In an effort to prevent other players from pulling a Pickens ripping the head coach and management in an effort to get released the Bengals added a clause to their signing bonus that would allow them to recoup all or part of a player's signing bonus for such actions. The club framed the clause with loyalty language already in the collective bargaining agreement and standard player contract.

Five rookies signed the clause (wide receiver Ron Dugans, running back Curtis Keaton, cornerback Robert Bean, kicker Neil Rackers and long snapper Brad St. Louis) and all but the agent for St. Louis filed a letter of protest. Dugans held out the first five practices of camp because of the clause.

The NFLPA doesn't want guaranteed money exposed to sanctions and argues the clause isn't needed because discipline is already covered in the CBA. The Bengals say signing bonuses are so large and take up so much of the salary cap that the club needs to be protected.

SCOTT APOLOGIZES:Bengals wide receiver Darnay Scott has paid his $5,200 debt to J&J Customs Cycle of Florence, Ky., and apologized to the owners for giving them a check for insufficient funds. Philip Taliaferro III, Scott's lawyer, said tonight one of the owners will ask Boone Couny to drop the charge that landed Scott in jail for a few hours last week for passing a bad check. The case has been continued to Aug. 17, meaning Scott can play in the Aug. 4 preseason opener in Buffalo.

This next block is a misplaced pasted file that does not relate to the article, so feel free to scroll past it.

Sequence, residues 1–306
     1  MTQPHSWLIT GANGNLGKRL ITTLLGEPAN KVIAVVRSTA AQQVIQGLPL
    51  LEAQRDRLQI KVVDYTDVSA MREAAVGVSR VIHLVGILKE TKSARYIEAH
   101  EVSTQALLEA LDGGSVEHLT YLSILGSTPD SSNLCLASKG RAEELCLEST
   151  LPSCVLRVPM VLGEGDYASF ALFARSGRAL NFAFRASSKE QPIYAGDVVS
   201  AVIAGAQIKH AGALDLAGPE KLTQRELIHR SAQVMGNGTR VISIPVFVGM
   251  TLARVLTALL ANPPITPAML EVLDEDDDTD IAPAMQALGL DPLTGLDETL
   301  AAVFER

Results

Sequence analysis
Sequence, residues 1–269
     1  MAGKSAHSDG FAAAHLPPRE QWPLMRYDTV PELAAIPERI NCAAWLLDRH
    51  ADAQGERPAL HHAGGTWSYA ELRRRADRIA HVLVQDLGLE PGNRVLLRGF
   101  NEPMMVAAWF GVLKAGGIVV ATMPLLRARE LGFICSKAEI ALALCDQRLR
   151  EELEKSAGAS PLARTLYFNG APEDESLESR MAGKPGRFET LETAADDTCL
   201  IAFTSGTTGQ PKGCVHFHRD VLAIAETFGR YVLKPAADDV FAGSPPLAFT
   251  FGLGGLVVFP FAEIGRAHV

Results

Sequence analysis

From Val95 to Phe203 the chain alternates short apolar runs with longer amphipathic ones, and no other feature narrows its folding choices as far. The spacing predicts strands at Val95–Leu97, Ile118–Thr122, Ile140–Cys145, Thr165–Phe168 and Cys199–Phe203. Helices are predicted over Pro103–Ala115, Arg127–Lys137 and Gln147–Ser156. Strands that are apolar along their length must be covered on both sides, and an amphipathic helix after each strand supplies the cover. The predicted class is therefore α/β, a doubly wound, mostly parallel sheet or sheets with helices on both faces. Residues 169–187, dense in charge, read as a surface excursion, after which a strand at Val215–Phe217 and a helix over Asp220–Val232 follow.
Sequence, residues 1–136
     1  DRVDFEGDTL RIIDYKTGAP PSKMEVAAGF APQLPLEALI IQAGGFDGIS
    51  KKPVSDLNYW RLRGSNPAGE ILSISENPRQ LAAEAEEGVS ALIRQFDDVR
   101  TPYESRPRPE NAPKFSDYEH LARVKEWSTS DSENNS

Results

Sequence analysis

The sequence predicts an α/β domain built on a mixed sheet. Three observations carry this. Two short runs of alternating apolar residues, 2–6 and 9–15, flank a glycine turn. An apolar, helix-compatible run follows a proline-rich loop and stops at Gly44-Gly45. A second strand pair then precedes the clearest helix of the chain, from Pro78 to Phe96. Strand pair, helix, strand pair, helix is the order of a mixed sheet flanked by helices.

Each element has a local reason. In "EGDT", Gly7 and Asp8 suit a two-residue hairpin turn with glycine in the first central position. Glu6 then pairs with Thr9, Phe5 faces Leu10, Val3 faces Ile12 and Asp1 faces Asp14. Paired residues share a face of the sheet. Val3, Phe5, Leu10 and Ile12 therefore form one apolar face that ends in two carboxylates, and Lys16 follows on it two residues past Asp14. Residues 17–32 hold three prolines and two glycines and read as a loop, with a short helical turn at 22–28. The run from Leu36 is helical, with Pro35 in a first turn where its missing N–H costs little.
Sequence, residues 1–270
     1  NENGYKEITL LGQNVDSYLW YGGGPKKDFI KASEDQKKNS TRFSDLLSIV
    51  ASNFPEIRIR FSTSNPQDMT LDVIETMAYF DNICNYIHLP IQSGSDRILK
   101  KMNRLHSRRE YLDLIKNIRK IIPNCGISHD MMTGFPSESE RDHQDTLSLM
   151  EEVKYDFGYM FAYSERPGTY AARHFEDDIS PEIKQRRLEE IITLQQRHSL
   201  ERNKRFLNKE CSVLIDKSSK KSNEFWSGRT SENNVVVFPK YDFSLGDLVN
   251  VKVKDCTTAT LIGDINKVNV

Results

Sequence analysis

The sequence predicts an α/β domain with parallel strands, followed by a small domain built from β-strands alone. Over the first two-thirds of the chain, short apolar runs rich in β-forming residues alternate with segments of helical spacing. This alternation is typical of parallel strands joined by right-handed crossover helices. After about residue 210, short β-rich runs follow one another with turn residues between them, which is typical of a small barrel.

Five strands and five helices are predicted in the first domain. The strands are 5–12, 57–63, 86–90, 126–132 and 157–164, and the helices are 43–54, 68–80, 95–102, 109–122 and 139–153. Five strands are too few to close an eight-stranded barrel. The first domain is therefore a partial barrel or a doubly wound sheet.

"Darnay wants to come to court and publicly apologize for what has happened," Taliaferro said. "And he wants to apologize for any embarrassment that he might have caused his team and his teammates. The bottom line is that there was a misunderstanding because someone else handles his finances and he was living in St. Louis. Elaine Agnew, one of the owners, was very appreciative of his apology and she believes there was a misunderstanding. Darnay appreciated their response and will remain a customer."

INJURY UPDATE:Saturday's scrimmage has lost some star power with injuries. WR Darnay Scott (Achilles tendinitis), DE John Copeland (ankle soreness), OLB Takeo Spikes (shoulder strain), and DE Michael Bankston (swollen calf) are going to sit out. WR Craig Yeast, the hometown favorite who would play in place of Scott, is doubtful with a tender hamstring. NT Oliver Gibson (knee) is questionable. Look for Adrian Ross to start in place of Spikes and possibly Jevon Langford for Copeland.

QB Akili Smith's bruised right forearm is fine, but he sat out Friday's skills session with a medical oddity. Trainer Paul Sparling said Smith suffered an allergic reaction, possibly from sheets he put on his bed, but no one was quite sure what caused the illness. He didn't feel much better in the afternoon, but still practiced and will go Saturday.

Arthroscopic surgery on C Rich Braham's swollen knee has been discussed, but it would shelve him for three to six weeks and Braham thinks he can wait until after the season. But he thinks the knee will have to get drained once a week. He's questionable for the scrimmage.